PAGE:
Vangent Phone-Hotline Contract Highlights Waste Concern at Medicare Agency
May 17 (Bloomberg Government) -- When the U.S. Centers for Medicare and Medicaid Services needed help managing a telephone hotline last year, it didn’t open up competitive bidding for the work. The $929 million contract, one of the agency’s biggest, was instead given to a company that’s done the job since 2002.
The award to Vangent Inc. highlights concerns among U.S. lawmakers as they crack down on waste at the Medicare agency, which is gearing up to help expand health-care coverage to more Americans.
At a time when federal departments are using more competition among suppliers to pare costs, the Medicare agency is increasingly using single-source deals, according to Bloomberg Government data. Almost a third of all contracts at the agency last year weren’t competitive, up from about 28 percent in 2000. The percentage fell for all agencies combined.
“Absolutely, it’s a concern,” said Steven Schooner, co- director of the Government Procurement Law Program at the George Washington University Law School. “The way you get value for money is by injecting market-based competition.”
The Centers for Medicare and Medicaid Services, or CMS, relies “heavily” on a small number of contractors, according to a fact sheet prepared for a hearing by Senator Claire McCaskill, a Missouri Democrat who heads a subcommittee on contracting oversight.
The 10 largest recipients of CMS contracts received more than 40 percent all CMS contract dollars last year, according to Bloomberg Government data.
The biggest CMS vendors after Vangent in fiscal 2009 were Hewlett Packard Co., WellPoint Inc., Palmetto GBA LLC, Lockheed Martin Corp., IBM Corp. Trailblazer Health Enterprises, Highmark Medicare Services Inc., First Coast Service Options Inc. and Noridian Mutual Insurance Co., Bloomberg Government data showed.
“We are fully committed to the competitive acquisition process,” said CMS spokesman Peter Ashkenaz. Eileen Cassidy Rivera, a spokeswoman for Arlington, Virginia-based Vangent, declined an interview request, referring questions to CMS.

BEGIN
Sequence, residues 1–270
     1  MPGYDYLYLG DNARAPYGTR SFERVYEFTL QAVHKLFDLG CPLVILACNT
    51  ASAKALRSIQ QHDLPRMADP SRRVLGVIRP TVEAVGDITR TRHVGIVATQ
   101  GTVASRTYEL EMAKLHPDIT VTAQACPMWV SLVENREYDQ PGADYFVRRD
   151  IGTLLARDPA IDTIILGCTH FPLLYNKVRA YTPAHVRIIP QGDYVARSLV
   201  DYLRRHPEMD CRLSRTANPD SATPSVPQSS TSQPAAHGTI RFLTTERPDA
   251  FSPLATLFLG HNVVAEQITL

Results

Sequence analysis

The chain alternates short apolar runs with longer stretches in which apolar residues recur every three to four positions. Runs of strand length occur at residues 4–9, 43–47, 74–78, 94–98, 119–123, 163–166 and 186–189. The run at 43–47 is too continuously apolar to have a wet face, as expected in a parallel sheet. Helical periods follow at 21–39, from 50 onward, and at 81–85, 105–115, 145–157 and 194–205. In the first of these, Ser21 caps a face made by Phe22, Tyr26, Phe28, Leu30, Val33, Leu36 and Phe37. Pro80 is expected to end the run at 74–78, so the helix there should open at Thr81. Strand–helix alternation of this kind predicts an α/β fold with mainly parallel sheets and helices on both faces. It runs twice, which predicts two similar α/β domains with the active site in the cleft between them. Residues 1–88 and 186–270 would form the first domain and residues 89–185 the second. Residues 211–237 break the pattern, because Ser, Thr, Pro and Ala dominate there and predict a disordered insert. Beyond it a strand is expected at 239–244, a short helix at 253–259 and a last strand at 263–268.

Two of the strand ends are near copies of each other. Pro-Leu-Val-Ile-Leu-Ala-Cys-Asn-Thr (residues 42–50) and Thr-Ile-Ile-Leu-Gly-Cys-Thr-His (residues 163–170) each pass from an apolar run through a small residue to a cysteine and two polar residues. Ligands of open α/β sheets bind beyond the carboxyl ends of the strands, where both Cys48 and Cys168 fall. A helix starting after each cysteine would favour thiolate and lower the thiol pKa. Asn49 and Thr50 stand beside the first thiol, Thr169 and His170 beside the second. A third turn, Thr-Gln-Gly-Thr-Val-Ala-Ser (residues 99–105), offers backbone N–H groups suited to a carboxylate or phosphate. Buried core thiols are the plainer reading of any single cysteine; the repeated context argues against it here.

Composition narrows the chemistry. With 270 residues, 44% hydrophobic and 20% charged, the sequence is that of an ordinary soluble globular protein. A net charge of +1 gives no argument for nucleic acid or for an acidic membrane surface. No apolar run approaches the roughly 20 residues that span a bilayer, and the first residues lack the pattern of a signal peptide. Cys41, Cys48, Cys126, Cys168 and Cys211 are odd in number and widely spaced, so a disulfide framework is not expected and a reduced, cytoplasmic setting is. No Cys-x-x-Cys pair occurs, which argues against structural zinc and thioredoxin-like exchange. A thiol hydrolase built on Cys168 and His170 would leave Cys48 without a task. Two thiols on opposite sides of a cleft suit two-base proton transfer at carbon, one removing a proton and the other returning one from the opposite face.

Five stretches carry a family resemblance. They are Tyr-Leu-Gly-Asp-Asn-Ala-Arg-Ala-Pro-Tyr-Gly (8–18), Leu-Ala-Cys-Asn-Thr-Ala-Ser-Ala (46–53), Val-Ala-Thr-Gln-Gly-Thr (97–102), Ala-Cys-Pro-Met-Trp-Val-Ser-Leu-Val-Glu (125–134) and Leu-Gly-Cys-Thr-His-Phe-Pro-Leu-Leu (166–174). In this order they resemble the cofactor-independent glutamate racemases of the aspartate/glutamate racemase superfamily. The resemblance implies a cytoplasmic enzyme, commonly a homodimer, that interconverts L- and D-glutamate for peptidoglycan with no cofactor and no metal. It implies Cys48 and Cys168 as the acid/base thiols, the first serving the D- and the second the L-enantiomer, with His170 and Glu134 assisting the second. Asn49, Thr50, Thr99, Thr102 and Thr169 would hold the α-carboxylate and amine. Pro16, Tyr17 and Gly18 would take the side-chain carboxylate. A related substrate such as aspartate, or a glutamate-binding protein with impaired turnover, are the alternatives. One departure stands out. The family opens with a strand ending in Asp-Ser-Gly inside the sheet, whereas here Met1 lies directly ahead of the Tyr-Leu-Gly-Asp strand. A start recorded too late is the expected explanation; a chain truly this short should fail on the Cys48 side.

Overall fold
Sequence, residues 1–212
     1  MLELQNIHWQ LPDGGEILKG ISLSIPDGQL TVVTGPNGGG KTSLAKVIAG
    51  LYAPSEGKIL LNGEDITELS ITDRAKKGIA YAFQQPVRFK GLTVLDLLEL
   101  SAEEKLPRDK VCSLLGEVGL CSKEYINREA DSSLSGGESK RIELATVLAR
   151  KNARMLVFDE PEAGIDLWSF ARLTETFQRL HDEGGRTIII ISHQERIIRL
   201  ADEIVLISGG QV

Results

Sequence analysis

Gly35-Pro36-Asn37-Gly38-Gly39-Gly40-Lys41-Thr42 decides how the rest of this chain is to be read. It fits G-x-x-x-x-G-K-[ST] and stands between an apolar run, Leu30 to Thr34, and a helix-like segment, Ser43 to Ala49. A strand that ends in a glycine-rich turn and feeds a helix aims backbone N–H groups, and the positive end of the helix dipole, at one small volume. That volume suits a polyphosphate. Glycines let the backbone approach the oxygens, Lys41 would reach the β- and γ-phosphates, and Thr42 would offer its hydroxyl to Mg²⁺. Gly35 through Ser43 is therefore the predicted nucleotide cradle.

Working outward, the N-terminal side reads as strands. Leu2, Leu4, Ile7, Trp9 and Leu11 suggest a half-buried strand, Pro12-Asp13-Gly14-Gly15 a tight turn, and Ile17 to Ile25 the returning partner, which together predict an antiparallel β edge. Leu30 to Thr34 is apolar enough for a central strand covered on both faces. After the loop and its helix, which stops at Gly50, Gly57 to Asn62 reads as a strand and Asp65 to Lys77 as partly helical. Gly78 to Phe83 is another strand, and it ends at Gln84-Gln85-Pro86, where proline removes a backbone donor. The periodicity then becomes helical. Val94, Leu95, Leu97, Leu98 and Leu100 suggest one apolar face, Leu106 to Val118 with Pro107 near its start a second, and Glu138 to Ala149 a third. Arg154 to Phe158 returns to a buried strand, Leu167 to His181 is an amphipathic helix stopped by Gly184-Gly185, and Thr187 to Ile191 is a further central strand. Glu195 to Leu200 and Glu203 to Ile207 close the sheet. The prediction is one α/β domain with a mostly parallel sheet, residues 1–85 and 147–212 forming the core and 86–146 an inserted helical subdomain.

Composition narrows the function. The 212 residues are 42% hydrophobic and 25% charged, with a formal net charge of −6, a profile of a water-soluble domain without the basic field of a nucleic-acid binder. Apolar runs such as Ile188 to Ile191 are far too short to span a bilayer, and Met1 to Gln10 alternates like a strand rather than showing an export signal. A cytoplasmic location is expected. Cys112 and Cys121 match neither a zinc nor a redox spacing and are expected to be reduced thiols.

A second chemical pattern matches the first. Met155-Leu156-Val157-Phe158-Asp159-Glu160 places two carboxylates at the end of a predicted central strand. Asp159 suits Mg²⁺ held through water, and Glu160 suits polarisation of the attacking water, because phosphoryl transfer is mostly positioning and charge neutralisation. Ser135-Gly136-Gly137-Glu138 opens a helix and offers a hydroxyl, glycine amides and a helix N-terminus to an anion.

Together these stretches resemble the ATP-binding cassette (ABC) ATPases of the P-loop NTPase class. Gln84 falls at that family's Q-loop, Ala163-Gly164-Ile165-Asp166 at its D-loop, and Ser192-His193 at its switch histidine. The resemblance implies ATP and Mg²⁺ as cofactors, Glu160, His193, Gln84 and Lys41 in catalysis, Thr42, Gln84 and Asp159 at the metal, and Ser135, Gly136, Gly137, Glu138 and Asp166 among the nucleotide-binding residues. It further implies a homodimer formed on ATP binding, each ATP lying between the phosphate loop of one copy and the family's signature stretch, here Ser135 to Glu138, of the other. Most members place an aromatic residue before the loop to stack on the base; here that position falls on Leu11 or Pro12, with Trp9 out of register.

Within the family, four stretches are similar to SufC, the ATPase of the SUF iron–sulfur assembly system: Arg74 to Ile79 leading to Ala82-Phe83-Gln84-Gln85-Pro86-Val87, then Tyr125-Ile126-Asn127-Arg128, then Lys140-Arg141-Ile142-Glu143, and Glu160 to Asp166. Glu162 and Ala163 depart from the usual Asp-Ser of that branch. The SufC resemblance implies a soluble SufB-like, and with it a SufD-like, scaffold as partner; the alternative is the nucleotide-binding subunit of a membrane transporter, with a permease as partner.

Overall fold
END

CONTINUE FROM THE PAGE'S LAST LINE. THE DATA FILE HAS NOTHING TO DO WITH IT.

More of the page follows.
As the U.S. health-care overhaul begins to take shape, the CMS is being watched more closely. The agency already provides health care to almost a third of all Americans.
CMS must cut as much as $500 billion from Medicare over the next decade, and try to do so without reducing care for seniors. It also must add an estimated 16 million uninsured Americans to the ranks of Medicaid, the federal and state health program for the poor.
MaCaskill and other lawmakers question the agency’s ability to take on these tasks, pointing to its accounting standards and contracting practices. The Government Accountability Office, the investigative arm of Congress, has warned of “pervasive deficiencies” in CMS contract management.
The accord with Vangent, valued at as much as $929 million through 2013, is a so-called cost-incurred contract. That payment structure, potentially more expensive than a fixed-price deal, drew fire from Senator McCaskill.
“There is not an incentive on the part of the contractor to keep costs down,” McCaskill said at a hearing on CMS contracts she held in Washington on April 28. “Whatever the cost is, it’s going to be paid. If you don’t have someone looking over their shoulder, you’re going to have run-away costs.”
McCaskill said there will be “a lot of scrutiny” on the agency and how it handles contracts.
The 31.8 percent of contracts without competitive bidding at CMS compares with 18.7 percent for the Homeland Security Department, 21.7 percent for the Transportation Department and 12.6 percent for the Education Department. The figure for all federal agencies fell to less than 31 percent in 2009 from 37 percent in 2000, Bloomberg Government data showed.